AUSTIN, Texas — This week, some Americans should start getting economic relief payments from the federal government to help ease the financial burden of COVID-19. But just as those payments are rolling out, lawmakers are raising red flags about other items in the CARES Act.
U.S. Representative Lloyd Doggett (D-Austin) said the CARES Act was quickly pushed through due to the urgency of the COVID-19 pandemic, but now the House Oversight Committee is starting to comb through the 335-page bill, line by line.
Doggett said one of the most glaring things he's seen is a provision to allow wealthy Americans to declare tax losses that average Americans can't. According to Doggett's office, the Joint Committee on Taxation published a document estimating that the provision, along with one other related to real estate, together will reduce government revenue by $195 billion over 10 years.
"There's one provision that we've uncovered in the bill that will provide more in relief to those who earn $1 million a year than went to all the hospitals in the country, indeed that went to all the local and state governments in the country," Doggett said.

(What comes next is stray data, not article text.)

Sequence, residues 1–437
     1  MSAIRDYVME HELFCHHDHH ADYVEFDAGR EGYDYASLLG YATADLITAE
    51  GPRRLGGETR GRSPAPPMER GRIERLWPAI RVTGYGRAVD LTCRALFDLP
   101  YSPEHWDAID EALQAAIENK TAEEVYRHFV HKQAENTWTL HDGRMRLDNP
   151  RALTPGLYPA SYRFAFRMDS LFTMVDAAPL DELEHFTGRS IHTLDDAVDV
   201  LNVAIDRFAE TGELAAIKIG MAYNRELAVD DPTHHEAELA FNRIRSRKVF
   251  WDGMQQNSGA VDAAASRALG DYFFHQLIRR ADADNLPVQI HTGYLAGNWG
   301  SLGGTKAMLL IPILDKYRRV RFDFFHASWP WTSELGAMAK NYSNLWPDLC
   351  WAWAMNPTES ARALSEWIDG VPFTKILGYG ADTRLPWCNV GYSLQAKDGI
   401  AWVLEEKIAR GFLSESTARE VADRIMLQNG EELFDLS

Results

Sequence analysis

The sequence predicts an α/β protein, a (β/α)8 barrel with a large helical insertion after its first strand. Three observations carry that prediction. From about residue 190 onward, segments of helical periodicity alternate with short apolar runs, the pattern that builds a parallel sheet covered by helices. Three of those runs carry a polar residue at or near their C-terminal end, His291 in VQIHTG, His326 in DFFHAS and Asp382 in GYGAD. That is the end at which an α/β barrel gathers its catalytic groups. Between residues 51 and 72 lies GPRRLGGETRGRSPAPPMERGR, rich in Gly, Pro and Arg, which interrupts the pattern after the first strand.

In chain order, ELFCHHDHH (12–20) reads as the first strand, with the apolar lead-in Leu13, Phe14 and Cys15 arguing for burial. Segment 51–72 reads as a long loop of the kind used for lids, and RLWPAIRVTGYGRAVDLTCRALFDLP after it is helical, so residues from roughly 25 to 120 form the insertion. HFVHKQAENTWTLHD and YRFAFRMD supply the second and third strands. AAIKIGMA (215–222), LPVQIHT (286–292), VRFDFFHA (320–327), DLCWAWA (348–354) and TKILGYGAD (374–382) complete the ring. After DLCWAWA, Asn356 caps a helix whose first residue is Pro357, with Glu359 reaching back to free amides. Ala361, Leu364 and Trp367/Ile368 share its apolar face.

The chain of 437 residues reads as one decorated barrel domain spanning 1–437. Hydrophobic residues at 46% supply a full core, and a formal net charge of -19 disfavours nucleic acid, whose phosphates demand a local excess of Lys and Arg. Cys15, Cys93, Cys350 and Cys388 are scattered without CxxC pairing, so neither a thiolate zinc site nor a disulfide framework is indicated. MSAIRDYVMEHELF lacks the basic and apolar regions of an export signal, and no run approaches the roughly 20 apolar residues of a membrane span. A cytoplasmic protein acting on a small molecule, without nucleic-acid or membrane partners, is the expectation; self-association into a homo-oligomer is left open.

Doggett said the provision was added to the bill in the Senate, but he and Sen. Sheldon Whitehouse (D-Rhode Island) are introducing legislation to take it out.
Doggett said he is also working to get the Trump Administration to re-open enrollment for the Affordable Care Act. He said while that's still not an option for all Americans, people who were recently laid off from their jobs can apply.
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